A new Dutch-style roundabout is set to be built near Addenbrookes – but some fear it might be less safe than a design without cycle priority.
Cambridgeshire County Council has proposed the changes in a bid to improve road safety where Fendon Road meets Queen Ediths Way.
The design will give cyclists priority, meaning that vehicles entering or leaving the roundabout arms must give way to them.
The style, which would replace the current roundabout, is currently used in the Netherlands.
But a Dutch study suggests that this kind of roundabout might be less safe than those without cycle priority – sparking fears among Cambridge residents.
What are the concerns?
A Dutch report by The Institute for Road Safety Research highlights problems that have occurred with the cyclist priority design that has been proposed.
The figures, based on roads in the Netherlands, suggest that more incidents occured on roundabouts with cyclist priority than without.
Findings show that the without cyclist priority design was 87 per cent safer than an ordinary crossroads, whereas the cyclist priority design was only 11 per cent safer, as measured by injuries to cyclists resulting in overnight hospital stays.
The report gave figures for national injuries expected in the Netherlands for the two different types of roundabout.
If all roundabouts gave cyclists priority, the number of hospitalised casualties would be expected to be 61 to 85 people, while the figure for the design without priority would be just nine to 12 people.
Mark Lawrence-Jones lives in Queen Edith's Way and is part of the road's residents' association. He said: “I think the council have thought that because its Dutch it must be safe, but this is one of the roundabouts that research suggests is less safe and causes a lot of accidents.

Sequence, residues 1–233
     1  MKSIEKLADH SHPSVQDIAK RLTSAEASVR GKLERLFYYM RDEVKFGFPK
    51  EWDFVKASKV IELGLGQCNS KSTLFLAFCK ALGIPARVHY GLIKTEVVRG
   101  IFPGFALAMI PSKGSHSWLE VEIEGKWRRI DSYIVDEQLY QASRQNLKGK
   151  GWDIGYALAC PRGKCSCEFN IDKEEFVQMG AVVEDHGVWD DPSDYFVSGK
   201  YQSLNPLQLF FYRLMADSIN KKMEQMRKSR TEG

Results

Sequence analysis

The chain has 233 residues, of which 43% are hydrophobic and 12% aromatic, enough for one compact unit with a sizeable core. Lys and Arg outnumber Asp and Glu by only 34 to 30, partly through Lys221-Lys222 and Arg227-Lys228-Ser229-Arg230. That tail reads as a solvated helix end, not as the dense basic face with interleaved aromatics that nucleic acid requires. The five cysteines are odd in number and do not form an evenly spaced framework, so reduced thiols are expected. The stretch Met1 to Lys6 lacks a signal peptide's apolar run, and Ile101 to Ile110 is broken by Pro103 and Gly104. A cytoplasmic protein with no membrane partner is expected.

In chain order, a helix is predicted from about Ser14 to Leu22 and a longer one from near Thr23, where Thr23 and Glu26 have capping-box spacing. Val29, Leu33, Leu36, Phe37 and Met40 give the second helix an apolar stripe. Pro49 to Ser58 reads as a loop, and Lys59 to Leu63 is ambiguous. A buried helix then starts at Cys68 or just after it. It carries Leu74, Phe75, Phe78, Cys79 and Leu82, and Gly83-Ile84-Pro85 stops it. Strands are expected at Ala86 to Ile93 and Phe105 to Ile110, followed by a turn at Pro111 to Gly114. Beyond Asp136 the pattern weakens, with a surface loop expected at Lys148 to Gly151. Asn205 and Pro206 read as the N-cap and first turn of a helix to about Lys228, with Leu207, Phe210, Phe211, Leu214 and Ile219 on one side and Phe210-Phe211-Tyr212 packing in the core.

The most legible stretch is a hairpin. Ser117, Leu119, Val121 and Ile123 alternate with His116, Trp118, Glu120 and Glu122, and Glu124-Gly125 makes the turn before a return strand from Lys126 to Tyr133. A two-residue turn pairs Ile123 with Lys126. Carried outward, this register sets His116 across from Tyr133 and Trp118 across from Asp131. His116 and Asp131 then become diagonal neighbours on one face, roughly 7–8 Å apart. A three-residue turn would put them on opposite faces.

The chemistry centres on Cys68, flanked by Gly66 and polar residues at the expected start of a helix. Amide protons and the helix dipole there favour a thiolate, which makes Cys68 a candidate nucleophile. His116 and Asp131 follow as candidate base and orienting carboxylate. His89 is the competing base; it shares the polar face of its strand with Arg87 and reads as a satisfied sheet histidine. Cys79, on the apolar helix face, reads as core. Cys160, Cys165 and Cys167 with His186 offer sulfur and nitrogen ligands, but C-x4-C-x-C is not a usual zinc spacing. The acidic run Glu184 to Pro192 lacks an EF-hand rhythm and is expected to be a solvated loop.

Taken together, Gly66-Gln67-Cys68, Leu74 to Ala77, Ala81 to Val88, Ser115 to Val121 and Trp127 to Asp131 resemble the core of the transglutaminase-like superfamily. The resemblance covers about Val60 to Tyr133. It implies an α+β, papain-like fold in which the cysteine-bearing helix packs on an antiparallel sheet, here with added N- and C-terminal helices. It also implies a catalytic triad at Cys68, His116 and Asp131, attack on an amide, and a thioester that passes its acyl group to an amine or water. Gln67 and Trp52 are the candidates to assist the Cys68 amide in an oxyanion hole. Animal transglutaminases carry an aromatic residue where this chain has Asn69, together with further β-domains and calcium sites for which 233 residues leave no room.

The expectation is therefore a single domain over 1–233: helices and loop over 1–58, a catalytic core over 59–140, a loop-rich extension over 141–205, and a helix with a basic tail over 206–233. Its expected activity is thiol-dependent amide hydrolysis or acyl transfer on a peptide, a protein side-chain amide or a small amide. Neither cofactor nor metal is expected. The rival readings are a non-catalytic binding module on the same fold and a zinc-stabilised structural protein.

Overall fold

“Theres going to be an awful lot of head swivelling of drivers going on because you really do have to look everywhere as its easy for cyclists to sail off in front of you when they have priority.”
The design includes a red cycle lane all the way around the edge of the roundabout, with cyclists segregated from motorists.
What the council says
In response to the concerns, the Cambridgeshire County Council spokesperson, said: “The Fendon Road/Queen Ediths Way roundabout is an important route for both commuters and those on their way to school or college, and is a location that over recent years has experienced many collisions involving cyclists.
“The new roundabout scheme will improve safety in the area by giving priority to pedestrians and cyclists over motorists.
“Cyclists and pedestrians cross each arm of the roundabout by using a parallel priority crossing. This type of crossing was formalised for use in the UK from April 2016, and two of these are in place in Cambridge (Huntingdon Road, April 2016 and Arbury Road, September 2016). Both schemes have proved to be highly successful and more parallel crossings are planned for Cambridge.
“We have worked closely with the Dutch Cycling Embassy and Dutch designers Royal Haskoning to ensure a safe design is developed. We are also carrying out two stages of independent safety audits to review the design before it is constructed. This reviews road safety risks to all users.
“There appears to be some views from the Netherlands expressing concern around cycle priority at roundabouts, but there is no evidence of such roundabouts being changed or removed there.”
Cambridgeshire County Council was given £550,000 by the Department for Transport (DfT) for the project.
Work is due to start at the beginning of next year.